1792 Alysheba Way, Suite 201, Lexington, KY 40509
FINRA | Broker Check | SIPC

Kids & Sports

Make sure you’re balancing the experience and the cost.  

Here we are at the time of year when school is almost out and kids are gearing up for an active summer. I know with my two boys, it seems like each year their energy levels just go up and up and my wife and I put them in more and more sports and activities to keep everyone busy. 

As I’ve talked to other parents and clients with school-age kids, I always notice the huge financial component to all of this. We all know kid sports are expensive. From sign-up fees and YMCA memberships to uniforms and special shoes (that they outgrow every few months it seems), costs can really add up. Then there’s the time factor too. How much of your daily life are you dedicating to driving them around to practices, watching games and hosting the end-of-season backyard parties? 

Although I agree it’s important for kids to find sports and activities they enjoy (and to burn off some energy), there’s a balancing act that needs to be managed between the child’s experience and the costs for the parents. 

One thing I hear some parents say as they talk about the financial burden kid activities can create is a hope (and sometimes an assumption) that all this will result in a college scholarship, making all that time and money pay off in spades. While that’s a nice idea in theory, and if your child is the next hotshot NCAA quarterback recruit, great – but keep in mind a few things if this is your motivation/justification for blowing your budget on youth sports. 

First, different sports offer very different scholarship opportunities. If you truly do have an athletic phenom on your hands playing a lucrative Division 1 college sport like football, basketball or volleyball, then sure. Go for that full ride and all the D-1 glory. But keep in mind too that smaller, more niche sports can also offer lucrative scholarships. Think bowling, or golf at smaller schools. Some colleges and universities will actually offer full rides for students in these less visible sports.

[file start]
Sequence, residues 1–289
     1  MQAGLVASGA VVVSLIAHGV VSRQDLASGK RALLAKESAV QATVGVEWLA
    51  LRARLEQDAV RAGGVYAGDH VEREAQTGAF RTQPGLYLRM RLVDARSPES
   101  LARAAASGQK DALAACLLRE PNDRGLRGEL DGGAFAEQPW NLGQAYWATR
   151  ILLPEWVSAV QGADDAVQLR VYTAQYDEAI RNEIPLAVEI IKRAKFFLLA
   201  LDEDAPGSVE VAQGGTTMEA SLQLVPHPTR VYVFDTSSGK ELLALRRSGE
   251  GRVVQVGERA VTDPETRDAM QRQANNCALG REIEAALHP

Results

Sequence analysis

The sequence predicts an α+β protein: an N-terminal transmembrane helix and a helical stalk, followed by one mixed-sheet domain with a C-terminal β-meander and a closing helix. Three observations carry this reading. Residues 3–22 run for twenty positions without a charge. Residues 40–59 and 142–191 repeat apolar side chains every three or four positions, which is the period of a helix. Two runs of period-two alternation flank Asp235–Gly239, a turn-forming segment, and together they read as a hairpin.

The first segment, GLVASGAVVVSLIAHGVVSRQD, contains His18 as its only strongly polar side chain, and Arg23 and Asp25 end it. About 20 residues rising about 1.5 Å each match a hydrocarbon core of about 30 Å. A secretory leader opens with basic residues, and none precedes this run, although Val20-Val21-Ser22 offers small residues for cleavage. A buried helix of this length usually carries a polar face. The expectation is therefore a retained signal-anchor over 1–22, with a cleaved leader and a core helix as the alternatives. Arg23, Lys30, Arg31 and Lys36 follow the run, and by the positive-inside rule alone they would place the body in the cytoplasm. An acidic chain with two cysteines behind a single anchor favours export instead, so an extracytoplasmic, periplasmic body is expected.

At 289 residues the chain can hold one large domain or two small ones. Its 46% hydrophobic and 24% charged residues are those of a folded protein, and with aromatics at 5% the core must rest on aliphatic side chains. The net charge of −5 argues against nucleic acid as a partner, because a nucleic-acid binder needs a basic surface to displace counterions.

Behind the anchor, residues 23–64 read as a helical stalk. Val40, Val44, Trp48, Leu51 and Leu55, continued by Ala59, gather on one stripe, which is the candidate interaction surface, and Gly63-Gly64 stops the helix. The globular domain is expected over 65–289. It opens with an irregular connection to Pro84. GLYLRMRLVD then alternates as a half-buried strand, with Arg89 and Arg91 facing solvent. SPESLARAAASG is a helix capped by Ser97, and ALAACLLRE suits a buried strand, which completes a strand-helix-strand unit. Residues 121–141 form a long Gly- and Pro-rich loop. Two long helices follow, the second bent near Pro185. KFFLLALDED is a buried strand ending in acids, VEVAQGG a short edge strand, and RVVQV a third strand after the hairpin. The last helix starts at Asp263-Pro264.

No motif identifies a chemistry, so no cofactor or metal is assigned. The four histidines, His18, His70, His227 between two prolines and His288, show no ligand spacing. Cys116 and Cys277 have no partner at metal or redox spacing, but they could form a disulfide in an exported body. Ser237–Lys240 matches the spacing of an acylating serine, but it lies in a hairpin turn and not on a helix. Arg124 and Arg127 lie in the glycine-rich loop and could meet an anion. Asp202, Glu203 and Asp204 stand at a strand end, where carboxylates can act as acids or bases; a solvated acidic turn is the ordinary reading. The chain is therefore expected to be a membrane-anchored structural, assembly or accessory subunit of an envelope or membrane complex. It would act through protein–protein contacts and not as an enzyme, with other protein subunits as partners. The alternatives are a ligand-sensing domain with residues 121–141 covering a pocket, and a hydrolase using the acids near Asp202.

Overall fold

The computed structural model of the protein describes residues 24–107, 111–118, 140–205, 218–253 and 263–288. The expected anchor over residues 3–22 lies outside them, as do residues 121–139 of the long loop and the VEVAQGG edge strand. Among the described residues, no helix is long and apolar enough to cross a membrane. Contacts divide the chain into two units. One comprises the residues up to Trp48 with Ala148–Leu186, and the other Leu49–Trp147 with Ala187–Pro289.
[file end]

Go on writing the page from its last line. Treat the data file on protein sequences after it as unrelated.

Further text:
However, we’ve seen families spending huge amounts of money on every kind of sport and activity, and the reality is, not every kid will land a scholarship package. So make sure you’re still being proactive in your college saving and planning, and staying on track with the family financial goals. 

Second, pay close attention to the schools your child is considering if he or she is trying to get a sports scholarship. While some small schools do offer full rides, many smaller colleges and universities that try to base their reputations on academics instead sports choose not to offer scholarships, or the ones they do offer are small. Some athletic conferences don’t allow their member schools to offer any scholarships. These schools can still provide great athletic opportunities and experiences for student athletes. You’ll just have to pay for it some other way. 

Don’t get me wrong, I’m not trying discourage you from letting your kids find sports and activities they enjoy. Just keep your expectations realistic and your budget intact. At Family Financial Partners, our team members are busy raising eight kids among us, so believe me, we understand all this. If you need help budgeting for summer activities and fall sports, we’re here to help. Need to set up a 529 or other college savings plan? We’ll help with that too. And don’t forget to have a little fun this summer. 

Scroll to top